Winterizing an Inboard/Outboard Engine

This winterizing procedure can be modified to meet the specific needs of your engine. Much of this is contained the operators manual on the boat if you have it. I am sure there are other ways of doing this, but I have never had any problems with my engine after 14 years of following this procedure.

Add a fuel stabilizer to the fuel tank so that it gets into all the fuel lines and carburetor when you start the engine. Stabilizer is available at most marine outlet stores. Fill the fuel tank at least ĺ full to cut down on condensation. I have filled my tank full, only to have it come out the overflow when the boat gets warm in the spring from the sun. Using a flushing attachment on the garden hose warm the engine up. Run the engine until the temperature gauge reads in the normal range. With the engine warm, change the oil and oil filter. I donít like my engine to sit over the winter months with used oil in it. A trick I learned to prevent oil from being spilled in the bilge is to us a heavy duty plastic bag, about one gallon in size to catch the oil filter when it is removed from the engine. Install a new filter and add the correct amount of oil. Start the engine and check for leaks at the filter. After the oil change, I fog the engine using a fogging oil available at most marine outlets. Remove the carburetor flame arrestor and spray the fogging oil down the throat of the carb with the engine idling at about 1200-1500 RPM. You spray it in the carburetor while the engine is running until you almost kill the engine, and thick white smoke is coming out the exhaust. Turn off the key while the engine is still running rough from the fogging oil. This coats the cylinder walls, valves guides, intake manifold, and exhaust manifold with a protective coat of oil. Depending upon my mood, I may also remove the spark plugs and squirt some of the fogging oil in the cylinders. If I do this I disconnect the coil so I can crank the engine without it starting to distribute the oil on the cylinder walls.

My boat has a salt water cooling chamber for the power steering. Itís a pain to get to the drain bolt on this so I use an air compressor to blow the water out of this chamber and out the water intake. I disconnect the hose that goes from this chamber to the engine and connect the air supply up on the engine end of the hose. I remove the drain plug(s) on the block and manifold(s) and drain all water. Make sure the drain plug is out of the boat so the engine coolant does not collect in the bilge. Put the drain plug(s) back in the block and manifold(s). Remove the hoses from the thermostat housing and pour a total of about 2 quarts of RV antifreeze into the block, mainfold(s), and any other water lines. (RV type in non-toxic) If I suspect any water is anywhere in the lines I blow some air through them with the antifreeze in the lines, then pour a little more antifreeze in when finished. I donít fill the block with antifreeze, but put enough in to counter any water that may be in low lying areas, about two quarts. I pour this into the block through one of the hoses I have disconnected from the water pump. I remove the batteries and all other accessories and gear and store it in the basement/garage. I have dual batteries and a dual charger that I made. Because of the various wires attached to the batteries, I connect the wires that came off of each battery terminal together using a nylon tiewrap. This helps me in the spring when I have to re-connect these wires. I spray the entire engine down with WD-40 to protect it from rust. This is a must as condensation will form on the engine when it is cold and the sun warms the boat. If you cover the boat make sure there are some breathing places in the cover if you shrink-wrap it. Store the boat with the outdrive down so water does not collect in it. I check the oil level in my outdrive. As long as the level is where it should be, I assume that no water has entered the drive and mixed with the oil which would change the oil level. If you suspect there is water in the oil, the outdrive seals should be replaced and fresh oil added. The maunal says to change the oil in the outdrive each season, in the fall. I jack up the trailer and set it on blocks to get the tires off the dirt. You should remove the trailer wheels and clean and then repack the wheel bearings. This is best done in the fall but somehow I always end up doing it in the spring. Remove the drain plug from the boat in case rain water gets into the boat over the winter. Store the plug where youíll be sure to see it in the spring so it can be installed before launching your boat. Again if Iím in the mood, I wax the boat and all metal fittings. I charge the batteries about once per month during storage. In the spring, I install the batteries, and since all hoses are connected to the engine, I hook up the flushing attachment and fire her up. After running one tank of gas through the engine, I change the fuel filter and then give the engine a tune-up.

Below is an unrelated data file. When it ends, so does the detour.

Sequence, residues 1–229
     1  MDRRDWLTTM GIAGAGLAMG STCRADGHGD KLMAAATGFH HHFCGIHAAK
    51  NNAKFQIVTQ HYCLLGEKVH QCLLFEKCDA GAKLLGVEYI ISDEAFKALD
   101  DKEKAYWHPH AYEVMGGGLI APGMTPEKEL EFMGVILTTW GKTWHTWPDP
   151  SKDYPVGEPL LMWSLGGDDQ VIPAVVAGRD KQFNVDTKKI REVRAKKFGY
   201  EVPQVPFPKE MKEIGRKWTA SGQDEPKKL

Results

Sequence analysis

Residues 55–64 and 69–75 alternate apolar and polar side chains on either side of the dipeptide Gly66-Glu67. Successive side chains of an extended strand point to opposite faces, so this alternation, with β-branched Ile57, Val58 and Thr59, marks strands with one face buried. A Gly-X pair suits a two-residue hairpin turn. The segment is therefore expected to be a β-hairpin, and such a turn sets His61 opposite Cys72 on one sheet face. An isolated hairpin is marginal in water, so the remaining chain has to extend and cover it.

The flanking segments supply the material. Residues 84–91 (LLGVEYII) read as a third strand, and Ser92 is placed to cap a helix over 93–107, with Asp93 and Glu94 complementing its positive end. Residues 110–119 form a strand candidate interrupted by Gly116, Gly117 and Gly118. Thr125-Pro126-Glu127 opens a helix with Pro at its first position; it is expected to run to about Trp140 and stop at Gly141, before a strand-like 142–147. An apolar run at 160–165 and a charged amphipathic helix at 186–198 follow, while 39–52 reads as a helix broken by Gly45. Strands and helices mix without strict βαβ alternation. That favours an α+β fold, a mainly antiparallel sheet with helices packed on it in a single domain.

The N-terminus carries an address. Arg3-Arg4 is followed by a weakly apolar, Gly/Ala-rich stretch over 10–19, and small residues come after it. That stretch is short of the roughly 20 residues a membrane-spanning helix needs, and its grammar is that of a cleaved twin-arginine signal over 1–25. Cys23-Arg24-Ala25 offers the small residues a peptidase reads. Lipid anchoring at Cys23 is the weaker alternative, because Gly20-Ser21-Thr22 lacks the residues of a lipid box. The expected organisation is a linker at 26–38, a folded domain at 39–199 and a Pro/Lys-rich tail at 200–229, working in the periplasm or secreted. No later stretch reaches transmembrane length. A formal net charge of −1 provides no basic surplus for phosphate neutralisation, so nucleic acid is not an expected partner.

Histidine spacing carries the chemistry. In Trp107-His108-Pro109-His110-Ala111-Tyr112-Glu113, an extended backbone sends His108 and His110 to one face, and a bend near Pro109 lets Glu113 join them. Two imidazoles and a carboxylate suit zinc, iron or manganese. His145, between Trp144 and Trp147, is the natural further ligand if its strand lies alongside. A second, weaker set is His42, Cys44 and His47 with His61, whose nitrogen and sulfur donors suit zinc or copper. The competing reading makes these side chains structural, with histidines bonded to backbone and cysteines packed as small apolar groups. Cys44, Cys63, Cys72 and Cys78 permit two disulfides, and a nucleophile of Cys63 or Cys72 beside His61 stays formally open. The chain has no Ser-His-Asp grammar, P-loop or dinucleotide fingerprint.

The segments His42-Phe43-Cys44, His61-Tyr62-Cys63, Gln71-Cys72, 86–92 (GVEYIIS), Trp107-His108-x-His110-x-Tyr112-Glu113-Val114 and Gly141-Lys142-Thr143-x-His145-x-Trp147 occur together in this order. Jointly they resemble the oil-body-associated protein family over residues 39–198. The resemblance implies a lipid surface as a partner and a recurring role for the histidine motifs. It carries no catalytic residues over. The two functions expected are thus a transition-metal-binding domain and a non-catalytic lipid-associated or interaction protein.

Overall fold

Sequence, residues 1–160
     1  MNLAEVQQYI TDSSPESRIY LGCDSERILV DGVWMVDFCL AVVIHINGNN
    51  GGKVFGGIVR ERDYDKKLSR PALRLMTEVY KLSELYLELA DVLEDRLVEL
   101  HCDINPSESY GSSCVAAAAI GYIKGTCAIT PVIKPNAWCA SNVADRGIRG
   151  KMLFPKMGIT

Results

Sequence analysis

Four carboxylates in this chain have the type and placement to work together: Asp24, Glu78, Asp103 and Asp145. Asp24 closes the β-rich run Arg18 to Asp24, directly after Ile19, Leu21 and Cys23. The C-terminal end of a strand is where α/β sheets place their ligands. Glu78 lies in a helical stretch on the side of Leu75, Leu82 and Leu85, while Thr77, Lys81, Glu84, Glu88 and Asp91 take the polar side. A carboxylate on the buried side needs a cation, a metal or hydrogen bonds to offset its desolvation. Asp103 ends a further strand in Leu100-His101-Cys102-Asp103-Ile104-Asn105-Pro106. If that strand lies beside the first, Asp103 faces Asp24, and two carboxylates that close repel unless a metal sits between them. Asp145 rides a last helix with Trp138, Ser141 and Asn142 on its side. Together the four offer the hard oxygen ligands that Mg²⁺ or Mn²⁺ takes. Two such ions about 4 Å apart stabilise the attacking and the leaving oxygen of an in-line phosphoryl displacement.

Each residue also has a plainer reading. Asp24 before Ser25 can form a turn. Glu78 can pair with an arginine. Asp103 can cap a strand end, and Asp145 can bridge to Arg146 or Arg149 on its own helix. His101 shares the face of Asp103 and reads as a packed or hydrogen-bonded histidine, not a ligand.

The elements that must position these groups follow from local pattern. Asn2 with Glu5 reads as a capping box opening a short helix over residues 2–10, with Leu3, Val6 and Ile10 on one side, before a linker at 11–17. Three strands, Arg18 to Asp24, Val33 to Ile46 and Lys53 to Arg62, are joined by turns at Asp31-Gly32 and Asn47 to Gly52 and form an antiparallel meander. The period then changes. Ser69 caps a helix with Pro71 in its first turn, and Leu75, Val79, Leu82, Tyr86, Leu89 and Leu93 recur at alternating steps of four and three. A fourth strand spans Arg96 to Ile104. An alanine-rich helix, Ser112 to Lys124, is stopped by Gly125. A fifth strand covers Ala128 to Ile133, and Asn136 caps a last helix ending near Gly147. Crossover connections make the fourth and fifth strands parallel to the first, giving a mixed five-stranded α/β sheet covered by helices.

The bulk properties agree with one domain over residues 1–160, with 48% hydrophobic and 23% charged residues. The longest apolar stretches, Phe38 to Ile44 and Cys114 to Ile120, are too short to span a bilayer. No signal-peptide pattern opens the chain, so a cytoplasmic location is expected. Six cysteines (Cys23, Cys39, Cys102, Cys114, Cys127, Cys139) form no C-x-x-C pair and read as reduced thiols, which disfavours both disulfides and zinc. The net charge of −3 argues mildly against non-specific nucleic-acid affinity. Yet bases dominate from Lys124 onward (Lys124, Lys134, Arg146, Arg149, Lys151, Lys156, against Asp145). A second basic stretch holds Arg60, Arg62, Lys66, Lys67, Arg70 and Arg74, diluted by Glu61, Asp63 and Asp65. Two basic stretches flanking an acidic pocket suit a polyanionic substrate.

This is what I have done for the 14 years I have had my boat. My son works in the marine industry and use to help me. It takes me about 2-3 hours to do this. My engine looks like it is only 1-2 years old.

Hope the has been of help to you. Email me if you have any questions. May your engine always start, and your lines be tight with big fish!

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